Despite the current challenging economic times and the alleged enlargement fatigue, on Monday, July 1st 2013 Croatia became the 28th EU member state. Further Western Balkans countries, such as Montenegro, the Former Republic of Macedonia and Serbia, are waiting to join, while Albania, Bosnia and Herzegovina and Kosovo hope to gain official status as candidate countries soon.
Croatia applied for EU membership in 2003. In June 2004 it was granted official EU candidate status, and in October 2005 the negotiation process started. Between 2004 and 2005 the high levels of public enthusiasm in Croatia towards EU integration decreased and opposition to it increased markedly, while the EU itself experienced a slowdown with the double rejection of the EU Constitution in France and the Netherlands.
Figure 1. Public support for EU integration in Croatia (2000-2011)
Lower levels of public support are to be expected after the opening of the negotiation process. The post-communist countries that joined the EU in 2004 and 2007 showed similar patterns of attitudes towards the EU. As Figures 2 and 3 illustrate, levels of opposition towards EU integration increased after 1998 in the Czech Republic, where public support has never been high. The same happened in Poland where positive attitudes towards EU integration were high until 1997, when the EU opened the integration process.
Figure 2. Image of the EU in the Czech Republic (1993-2003)
Figure 3. Image of the EU in Poland (1992-2003)
In Croatia, the costs of the integration process and the demands of political conditionality – in particular facing the past, war crimes, and passing through the removal of immunity for its former Prime Minister, Ivo Sanader, who opened Croatia to the EU integration process – have affected Croatian attitudes towards the EU. If public opinion is now a measure of the process of European integration and citizens can express their protest and opposition through referenda and European Parliament (EP) elections, Croatia joined the EU when opposition was at its highest since 2000 (see Figure 1).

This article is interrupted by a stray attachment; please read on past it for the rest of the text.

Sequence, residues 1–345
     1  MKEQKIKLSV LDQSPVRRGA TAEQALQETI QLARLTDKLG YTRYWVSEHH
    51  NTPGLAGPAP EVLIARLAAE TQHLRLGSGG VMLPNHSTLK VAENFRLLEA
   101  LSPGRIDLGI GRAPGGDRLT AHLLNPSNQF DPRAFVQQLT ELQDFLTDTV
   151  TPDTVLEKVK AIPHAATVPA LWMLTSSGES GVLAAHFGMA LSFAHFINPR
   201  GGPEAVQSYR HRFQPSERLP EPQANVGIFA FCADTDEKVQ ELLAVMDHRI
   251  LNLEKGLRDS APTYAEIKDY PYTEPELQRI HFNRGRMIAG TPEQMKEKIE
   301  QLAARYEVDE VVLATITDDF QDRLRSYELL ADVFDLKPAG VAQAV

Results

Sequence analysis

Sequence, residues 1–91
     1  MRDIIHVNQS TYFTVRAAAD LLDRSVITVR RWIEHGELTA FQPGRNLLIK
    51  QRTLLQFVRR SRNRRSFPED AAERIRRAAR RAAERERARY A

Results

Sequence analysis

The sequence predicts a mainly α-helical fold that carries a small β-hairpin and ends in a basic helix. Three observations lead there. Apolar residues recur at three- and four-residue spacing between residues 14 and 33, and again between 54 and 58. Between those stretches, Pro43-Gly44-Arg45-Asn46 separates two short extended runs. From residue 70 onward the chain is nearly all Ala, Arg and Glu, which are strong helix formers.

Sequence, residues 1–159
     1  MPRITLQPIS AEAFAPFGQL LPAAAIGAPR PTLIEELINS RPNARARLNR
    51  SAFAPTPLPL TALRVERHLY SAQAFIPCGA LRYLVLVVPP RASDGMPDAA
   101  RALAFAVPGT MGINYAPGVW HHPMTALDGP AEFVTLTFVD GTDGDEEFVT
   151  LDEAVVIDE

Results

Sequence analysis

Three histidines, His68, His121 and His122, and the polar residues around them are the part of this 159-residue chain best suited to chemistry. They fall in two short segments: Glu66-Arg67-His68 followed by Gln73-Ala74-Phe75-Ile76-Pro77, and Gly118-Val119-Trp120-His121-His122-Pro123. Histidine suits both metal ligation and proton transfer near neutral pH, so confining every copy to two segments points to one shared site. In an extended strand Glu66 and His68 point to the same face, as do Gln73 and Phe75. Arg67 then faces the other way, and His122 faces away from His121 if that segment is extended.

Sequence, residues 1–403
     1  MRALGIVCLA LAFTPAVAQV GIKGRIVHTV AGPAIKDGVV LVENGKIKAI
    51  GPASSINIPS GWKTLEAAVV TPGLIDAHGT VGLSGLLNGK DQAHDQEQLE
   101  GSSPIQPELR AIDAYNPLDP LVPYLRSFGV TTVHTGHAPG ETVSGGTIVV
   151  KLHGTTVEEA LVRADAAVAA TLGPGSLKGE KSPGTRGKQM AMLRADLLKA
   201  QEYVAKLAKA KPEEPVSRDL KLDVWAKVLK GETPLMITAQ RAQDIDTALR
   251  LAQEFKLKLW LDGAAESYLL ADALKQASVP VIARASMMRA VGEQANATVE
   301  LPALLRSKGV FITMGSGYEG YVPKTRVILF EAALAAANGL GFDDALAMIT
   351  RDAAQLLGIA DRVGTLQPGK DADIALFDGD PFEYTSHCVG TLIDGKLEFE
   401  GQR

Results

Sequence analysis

Although, in 2006, there were growing fears about the implications of EU integration, Croatian political elites were optimistic. The vast majority of Croatian citizens referred to the advantage of open borders (80%), economic development (79%), and general significant progresses (80%). The partial loss of independence was not that relevant at the time (36%), but the necessity for regional cooperation (55%) and negative consequences for the national economy (53%) already concerned more than half of Croatian citizens. The 2004 enlargement of the European Union had shown that the waiting time for EU membership and the perceived lack of relevant information could negatively impact on levels of public support.
In order to avoid rising levels of public Euroscepticism, the Croatian government adopted two communication strategies, in 2001 and 2006. The main aim of these strategies was to inform citizens on the progress toward European integration and enhance the quality of the debates on EU integration, but the two communication strategies and the information campaign did not garner much interest. In 2006, the Croatian public were growing increasingly concerned about the impact of EU membership on the economy (87%), everyday life (84%), and the impact of membership on sovereignty (84%). Unsurprisingly, surveys showed that more and more Croats were willing to vote against EU membership (14% in 2003, 39% in June 2004, and 45% in 2006).